the LifeStraw 7-cup pitcher and figures indicating its measurements
6.4" (16.3 cm)
5.8" (14.7 cm)
11.3" (28.7 cm)
26.7 oz (757 g)

8.0 Build Quality

The upper half of the LifeStraw Pitcher

The LifeStraw is a well-built pitcher with a sleek design and strong, durable parts. Unlike others, its lid and reservoir have silicone rings to secure them to the pitcher. This not only ensures the lid doesn’t fall out during pouring, it also prevents water from the reservoir from mixing with filtered water. The handle, albeit small, is strong and easy to grip.

4.0 Conveniences

Replacement Indicator

The LifeStraw does not have a spigot as it’s not typical of pitchers of its size to have one. Featuring a round bottom, the LifeStraw does not fit in a standard fridge door or a gallon door bin. It’s also taller than most and requires the removal of a shelf for vertical space in most types of refrigerator. There is a trap door for refilling but no replacement indicator, so it’s a good idea to keep a reminder on your phone or fridge door to change the filters, especially the carbon-ion exchange one which requires replacement every two months.

8.0 Filter

The two filter pieces of the LifeStraw pitcher including the activated carbon-ion exchange filter and membrane microfilter
The two filter pieces of the LifeStraw pitcher including the activated carbon-ion exchange filter and membrane microfilter
The LifeStraw filter reservoir, carbon-ion exchange filter, membrane microfilter, and reservoir cap
Filter Model
Filtration Process
activated carbon, ion exchange, membrane microfilter
NSF P321, NSF 53, NSF 401
Filter Capacity
40 gal (2 months) for carbon filter, 264 gal (1 year) for membrane microfilter

The LifeStraw is the only pitcher we’ve tested that features a membrane microfilter along with a carbon-ion exchange filter. Both pieces appear well-made and did not leave flecks in the filtered water like some others (such as the Maxtra+ filter on the Brita Marella) do. Clogging or clumping did not happen in the several weeks that we tested them—as slow as the flow rate was, it was steady and predictable.  The filters, however, were a little more tricky to install than most.

7.5 Usability

The LifeStraw 7 cup filter pitcher is small, lightweight, and secure in all parts, ensuring effortless refilling and dispensing. The problem lies at its long, narrow reservoir, which is challenging to detach and complicates the filter replacement process more than necessary. 

The silicone rings, though working like a charm in securing and separating the parts, are prone to mold and dirt accumulation and require more thorough and frequent cleaning than most.

6.6 Assembling

Parts of the LifeStraw Pitcher (7 Cup): the pitcher, reservoir, lid, two filter pieces, and reservoir cap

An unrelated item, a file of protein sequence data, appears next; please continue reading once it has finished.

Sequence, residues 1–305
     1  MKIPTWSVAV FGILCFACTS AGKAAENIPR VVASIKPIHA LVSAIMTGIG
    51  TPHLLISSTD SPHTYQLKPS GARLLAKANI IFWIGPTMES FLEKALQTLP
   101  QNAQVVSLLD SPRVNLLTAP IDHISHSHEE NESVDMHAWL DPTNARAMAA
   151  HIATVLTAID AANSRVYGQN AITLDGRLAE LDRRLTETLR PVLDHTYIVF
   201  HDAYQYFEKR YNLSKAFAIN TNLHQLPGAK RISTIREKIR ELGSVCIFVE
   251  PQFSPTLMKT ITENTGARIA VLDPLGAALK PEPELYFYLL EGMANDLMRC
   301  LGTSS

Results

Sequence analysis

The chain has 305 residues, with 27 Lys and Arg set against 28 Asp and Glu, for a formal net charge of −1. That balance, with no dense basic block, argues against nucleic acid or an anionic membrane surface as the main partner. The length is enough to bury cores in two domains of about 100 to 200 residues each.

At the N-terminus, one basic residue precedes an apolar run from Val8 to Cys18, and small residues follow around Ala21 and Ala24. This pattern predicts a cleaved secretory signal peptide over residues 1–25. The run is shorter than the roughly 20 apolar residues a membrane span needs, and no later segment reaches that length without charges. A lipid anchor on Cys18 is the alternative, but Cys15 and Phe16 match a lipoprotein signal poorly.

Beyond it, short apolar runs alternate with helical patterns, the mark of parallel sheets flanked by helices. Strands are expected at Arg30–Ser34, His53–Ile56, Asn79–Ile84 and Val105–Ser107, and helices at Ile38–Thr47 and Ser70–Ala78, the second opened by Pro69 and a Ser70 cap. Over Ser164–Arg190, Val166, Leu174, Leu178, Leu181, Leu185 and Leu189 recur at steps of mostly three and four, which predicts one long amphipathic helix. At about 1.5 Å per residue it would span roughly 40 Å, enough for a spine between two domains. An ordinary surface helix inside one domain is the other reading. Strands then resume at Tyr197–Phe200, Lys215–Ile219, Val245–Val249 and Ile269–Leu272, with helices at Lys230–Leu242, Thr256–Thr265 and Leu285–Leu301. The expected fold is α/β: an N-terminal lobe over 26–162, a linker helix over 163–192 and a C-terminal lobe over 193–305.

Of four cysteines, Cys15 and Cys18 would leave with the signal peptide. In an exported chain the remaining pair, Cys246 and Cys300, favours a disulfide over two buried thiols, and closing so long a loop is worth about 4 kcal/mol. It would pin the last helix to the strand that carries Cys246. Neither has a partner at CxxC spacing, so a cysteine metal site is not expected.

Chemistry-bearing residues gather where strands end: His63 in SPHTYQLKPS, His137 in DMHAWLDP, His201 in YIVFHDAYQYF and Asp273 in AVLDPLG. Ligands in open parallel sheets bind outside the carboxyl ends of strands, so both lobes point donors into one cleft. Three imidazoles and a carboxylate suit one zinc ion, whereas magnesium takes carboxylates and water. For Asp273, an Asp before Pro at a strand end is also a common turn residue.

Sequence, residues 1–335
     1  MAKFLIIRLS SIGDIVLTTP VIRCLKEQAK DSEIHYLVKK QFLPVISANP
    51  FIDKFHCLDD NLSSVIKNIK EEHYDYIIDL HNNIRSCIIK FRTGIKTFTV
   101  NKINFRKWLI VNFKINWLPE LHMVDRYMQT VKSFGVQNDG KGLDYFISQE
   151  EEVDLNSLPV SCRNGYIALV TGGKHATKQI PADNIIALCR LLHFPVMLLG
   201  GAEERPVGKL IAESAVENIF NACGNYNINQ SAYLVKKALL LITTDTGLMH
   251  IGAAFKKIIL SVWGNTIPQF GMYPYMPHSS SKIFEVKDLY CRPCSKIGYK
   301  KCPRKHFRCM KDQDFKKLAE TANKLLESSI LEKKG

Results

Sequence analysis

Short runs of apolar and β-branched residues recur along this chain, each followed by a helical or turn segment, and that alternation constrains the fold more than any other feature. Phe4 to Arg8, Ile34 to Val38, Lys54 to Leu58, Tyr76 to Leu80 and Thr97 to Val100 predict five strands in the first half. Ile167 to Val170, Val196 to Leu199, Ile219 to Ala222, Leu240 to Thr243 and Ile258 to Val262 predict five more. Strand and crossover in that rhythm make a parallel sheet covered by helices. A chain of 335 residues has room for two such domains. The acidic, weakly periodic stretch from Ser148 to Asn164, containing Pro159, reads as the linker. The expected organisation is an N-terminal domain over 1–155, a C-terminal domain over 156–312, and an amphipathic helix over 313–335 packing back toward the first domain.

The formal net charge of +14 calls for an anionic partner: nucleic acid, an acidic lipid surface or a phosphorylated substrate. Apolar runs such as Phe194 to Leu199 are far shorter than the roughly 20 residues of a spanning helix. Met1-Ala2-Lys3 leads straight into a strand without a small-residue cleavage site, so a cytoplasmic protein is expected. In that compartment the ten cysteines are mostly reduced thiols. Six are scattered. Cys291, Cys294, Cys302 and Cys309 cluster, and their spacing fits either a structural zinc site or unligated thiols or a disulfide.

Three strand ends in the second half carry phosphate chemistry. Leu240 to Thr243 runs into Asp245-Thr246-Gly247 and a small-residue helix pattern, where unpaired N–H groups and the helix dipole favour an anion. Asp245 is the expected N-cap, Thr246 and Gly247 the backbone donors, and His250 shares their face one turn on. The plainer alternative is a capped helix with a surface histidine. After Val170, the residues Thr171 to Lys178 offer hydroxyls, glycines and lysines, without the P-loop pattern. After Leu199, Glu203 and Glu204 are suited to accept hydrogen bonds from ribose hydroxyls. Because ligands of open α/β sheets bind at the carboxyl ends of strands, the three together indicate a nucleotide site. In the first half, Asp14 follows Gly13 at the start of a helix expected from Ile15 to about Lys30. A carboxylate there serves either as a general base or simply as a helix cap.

While it’s one of the most sturdy pitchers, the LifeStraw is also one of the most difficult to take apart and put together, particularly its reservoir. The reservoir is secured to the pitcher with silicone rings, and it’s smooth on the inside, so taking it out can pose quite a challenge. 

The filter pieces are secured inside the reservoir with a cap, which is also a pain to remove. Once the cap is off, the carbon filter will come out easily, but the membrane microfilter needs some pushing through the larger opening of the reservoir. Since the reservoir itself is shaped like a narrow tube, those with larger hands are likely to find the maneuvering discouraging.

7.8 Refilling

Hand holding the LifeStraw pitcher to refill under running faucet
Reservoir Capacity
700 ml

While the LifeStraw’s lid is small, its trap door is larger than most, allowing for easy, one-hand refilling. We prefer the design of the Brita Style, where the pour-through flap can be opened up so water doesn’t touch the lid, but this one works just fine. 

As deep as the reservoir may look, it’s rather small so you need more than two refills to fill the pitcher, which is a disadvantage especially considering the slow flow rate.

8.0 Dispensing

Person holding the LifeStraw pitcher and pouring water into a glass

With a height greater than most and a top-small design, the LifeStraw needs more tilting to pour water. Fortunately, its reservoir and lid are extremely secure. The lid even has a stopper that prevents unfiltered water from splashing out, so you can actually while the reservoir is still half full.

6.5 Cleaning

Ruler measuring the diameter of the opening of the LifeStraw 7 cup jug, around it are other parts of the jug
Dishwasher Safe

The LifeStraw’s tall and cone-shaped design, while elegant, makes it a little more challenging than most to clean. Those with big hands may have to resort to using a sponge stick to reach inside the pitcher and especially the deep, small reservoir.

Its silicone linings and the nooks and crannies on its reservoir and lids can be a pain to clean. These may develop mold or collect dust if you leave it without washing for more than a few days. We’ve detected a few spots on ours, though admittedly we left it with water inside for a couple of weeks.